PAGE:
Growth Trends for Related Jobs
Architecture is one of the largest industries in the world. Quite simply, its a blend between art, science and math to design an environment for people or animals. Every building, park or transportation model you use is the byproduct of an architect. For teens who have math, art or hands-on type of personalities, a career in architecture is right up their alley. The following will outline some career ideas based on subject interest areas for you to consider.
You may have a strong interest and show promise in mathematics so careers such as an estimator, engineer (physical, nuclear, civil), building planner, banker, drafts person or urban developer may be a great choice. Involving estimates and hard number crunching to get the measurements or budget correct, these careers need someone who can take complex scenarios and solve them with relative ease.
Art and Design
Many teens find exciting opportunities in careers such as architectural drafting, urban design, landscape artists, cartographers, interior design, art directors, fashion design, theater set designers, furniture design or graphic illustration to name just a few. These career choices require critical thinking and creative outlets for students who excel in these areas to shine.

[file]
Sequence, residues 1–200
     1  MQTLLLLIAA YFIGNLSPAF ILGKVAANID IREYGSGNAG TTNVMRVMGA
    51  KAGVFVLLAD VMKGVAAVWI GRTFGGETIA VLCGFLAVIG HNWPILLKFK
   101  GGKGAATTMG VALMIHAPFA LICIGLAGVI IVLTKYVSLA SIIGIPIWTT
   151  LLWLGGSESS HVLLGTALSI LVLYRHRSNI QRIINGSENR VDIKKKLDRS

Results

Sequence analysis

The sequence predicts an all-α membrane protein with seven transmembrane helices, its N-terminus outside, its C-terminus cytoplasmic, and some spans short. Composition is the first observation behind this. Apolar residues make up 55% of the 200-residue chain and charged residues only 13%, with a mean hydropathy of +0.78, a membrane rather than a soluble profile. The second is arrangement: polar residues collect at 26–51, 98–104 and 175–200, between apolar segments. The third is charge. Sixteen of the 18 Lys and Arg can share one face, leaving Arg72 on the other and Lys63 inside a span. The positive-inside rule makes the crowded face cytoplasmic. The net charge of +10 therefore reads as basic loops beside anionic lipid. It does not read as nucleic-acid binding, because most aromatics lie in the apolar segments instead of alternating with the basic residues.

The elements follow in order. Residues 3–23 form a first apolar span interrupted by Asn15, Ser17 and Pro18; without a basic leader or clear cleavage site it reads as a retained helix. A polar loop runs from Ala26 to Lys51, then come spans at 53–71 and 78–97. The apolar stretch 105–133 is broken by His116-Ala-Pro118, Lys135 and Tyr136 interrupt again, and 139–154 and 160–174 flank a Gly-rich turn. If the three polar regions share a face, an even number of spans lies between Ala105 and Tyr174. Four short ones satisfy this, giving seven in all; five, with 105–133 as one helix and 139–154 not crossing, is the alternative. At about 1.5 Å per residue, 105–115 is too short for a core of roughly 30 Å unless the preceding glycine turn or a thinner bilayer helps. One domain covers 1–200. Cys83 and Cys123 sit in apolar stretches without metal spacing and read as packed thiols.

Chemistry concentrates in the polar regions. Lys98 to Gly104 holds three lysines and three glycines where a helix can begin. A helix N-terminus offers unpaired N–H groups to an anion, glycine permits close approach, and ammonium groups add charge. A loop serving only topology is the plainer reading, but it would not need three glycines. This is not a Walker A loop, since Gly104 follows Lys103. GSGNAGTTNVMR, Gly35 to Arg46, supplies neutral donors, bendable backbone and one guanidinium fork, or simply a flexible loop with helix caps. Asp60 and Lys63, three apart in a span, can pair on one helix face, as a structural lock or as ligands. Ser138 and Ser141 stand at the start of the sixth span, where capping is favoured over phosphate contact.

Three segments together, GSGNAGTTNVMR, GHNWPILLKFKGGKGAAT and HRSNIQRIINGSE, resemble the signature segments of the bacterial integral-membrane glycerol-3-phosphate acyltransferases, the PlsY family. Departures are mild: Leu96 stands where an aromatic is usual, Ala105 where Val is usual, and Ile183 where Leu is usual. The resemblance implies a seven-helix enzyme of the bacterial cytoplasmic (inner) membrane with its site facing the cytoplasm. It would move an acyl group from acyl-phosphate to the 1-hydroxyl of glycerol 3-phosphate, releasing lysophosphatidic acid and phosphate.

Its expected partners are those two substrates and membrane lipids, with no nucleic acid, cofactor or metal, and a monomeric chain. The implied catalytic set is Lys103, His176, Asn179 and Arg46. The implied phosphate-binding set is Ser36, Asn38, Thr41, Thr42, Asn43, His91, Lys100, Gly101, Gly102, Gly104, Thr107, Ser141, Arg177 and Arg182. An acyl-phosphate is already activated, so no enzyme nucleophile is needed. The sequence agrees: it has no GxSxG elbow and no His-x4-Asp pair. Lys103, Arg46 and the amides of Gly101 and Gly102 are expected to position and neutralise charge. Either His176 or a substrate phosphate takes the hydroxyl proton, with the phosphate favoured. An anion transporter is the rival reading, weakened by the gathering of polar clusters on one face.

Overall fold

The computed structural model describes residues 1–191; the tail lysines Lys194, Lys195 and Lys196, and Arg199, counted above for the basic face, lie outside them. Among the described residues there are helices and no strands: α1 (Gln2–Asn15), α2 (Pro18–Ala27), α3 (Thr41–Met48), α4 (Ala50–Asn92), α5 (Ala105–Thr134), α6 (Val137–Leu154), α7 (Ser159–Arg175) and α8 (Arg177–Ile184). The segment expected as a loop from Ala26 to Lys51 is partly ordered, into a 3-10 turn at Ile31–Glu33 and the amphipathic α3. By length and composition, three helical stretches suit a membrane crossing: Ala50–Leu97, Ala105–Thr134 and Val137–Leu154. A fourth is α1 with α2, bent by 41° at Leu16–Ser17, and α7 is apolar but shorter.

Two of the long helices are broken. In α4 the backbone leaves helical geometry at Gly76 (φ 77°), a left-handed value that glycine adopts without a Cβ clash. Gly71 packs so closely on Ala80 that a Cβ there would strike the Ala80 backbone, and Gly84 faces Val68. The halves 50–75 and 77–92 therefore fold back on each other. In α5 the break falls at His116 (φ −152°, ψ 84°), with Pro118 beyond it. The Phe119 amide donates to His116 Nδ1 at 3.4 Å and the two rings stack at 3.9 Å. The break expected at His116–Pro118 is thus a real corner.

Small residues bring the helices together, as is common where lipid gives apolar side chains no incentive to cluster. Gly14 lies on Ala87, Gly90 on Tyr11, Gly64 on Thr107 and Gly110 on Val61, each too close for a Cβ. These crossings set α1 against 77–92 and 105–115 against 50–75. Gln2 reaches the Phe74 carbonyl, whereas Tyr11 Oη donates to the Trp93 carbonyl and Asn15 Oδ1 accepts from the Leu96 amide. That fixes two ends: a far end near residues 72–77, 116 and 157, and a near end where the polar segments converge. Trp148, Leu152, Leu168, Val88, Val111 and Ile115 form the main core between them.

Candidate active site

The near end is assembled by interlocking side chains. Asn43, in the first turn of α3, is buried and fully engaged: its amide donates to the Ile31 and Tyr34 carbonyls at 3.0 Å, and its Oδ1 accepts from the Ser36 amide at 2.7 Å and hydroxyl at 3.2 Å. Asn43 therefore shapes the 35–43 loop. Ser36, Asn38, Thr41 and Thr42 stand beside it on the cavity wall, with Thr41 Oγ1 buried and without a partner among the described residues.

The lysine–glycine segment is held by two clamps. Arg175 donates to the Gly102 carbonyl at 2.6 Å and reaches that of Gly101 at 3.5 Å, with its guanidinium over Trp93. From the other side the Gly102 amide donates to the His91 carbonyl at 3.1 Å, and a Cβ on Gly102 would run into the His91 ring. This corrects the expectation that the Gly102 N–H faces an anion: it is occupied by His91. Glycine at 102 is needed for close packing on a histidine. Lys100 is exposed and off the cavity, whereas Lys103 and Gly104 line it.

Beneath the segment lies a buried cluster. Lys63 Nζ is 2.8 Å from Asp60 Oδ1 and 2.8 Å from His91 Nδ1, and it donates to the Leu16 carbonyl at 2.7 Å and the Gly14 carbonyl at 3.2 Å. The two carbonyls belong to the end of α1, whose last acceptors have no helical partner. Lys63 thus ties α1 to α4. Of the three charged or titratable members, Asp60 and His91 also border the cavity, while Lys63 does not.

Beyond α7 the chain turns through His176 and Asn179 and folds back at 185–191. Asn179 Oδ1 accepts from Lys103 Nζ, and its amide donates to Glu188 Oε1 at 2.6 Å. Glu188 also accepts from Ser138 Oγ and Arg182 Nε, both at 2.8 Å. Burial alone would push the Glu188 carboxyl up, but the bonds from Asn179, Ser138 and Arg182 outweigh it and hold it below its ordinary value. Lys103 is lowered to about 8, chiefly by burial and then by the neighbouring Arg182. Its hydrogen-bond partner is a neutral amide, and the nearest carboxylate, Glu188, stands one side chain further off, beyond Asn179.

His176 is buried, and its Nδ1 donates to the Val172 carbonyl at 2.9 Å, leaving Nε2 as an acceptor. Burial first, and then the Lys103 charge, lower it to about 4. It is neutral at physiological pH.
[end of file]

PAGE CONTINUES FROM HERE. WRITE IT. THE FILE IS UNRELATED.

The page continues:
Construction and Hands-on
Teens who want to get out of the house or office when they are working and want to get their hands dirty will gravitate towards careers such as surveyors, landscape architects, building inspectors, construction managers, carpenters, city managers or engineering. Putting the plan into action is for some teens, so an education in architecture will build a strong foundation for them to succeed in their career.
Schooling and Employment Outlook
There is good news for students who decide to pursue a job in the varied architectural field. The United States Department of Labor expects the employment rate for this field to grow by 18 percent between 2006 and 2016, which is faster than the average for all occupations. If you are interested in architecture or the careers above, it will benefit you greatly in high school to participate in a strong college preparatory program strong in English, history, mathematics, business and computer science. Computer literacy is essential and if you are always doodling, this is a great way to nurture that skill as it will prove to be useful in college. You can get a Bachelor's or a Master's degree in architecture from over 100 U.S. colleges.
Jessica Edwards has been a professional writer since 2005, writing for small start-up websites. Publications include articles on eHow, essays in indie magazine "Fallopian Falafal" and "The New Jew," as well as an independent poetry anthology. She holds a bachelor's degree in pre-chiropractic and athletic training from East Stroudsburg and Fairleigh Dickinson Universities, and works full-time as a certified emergency medical technician and firefighter.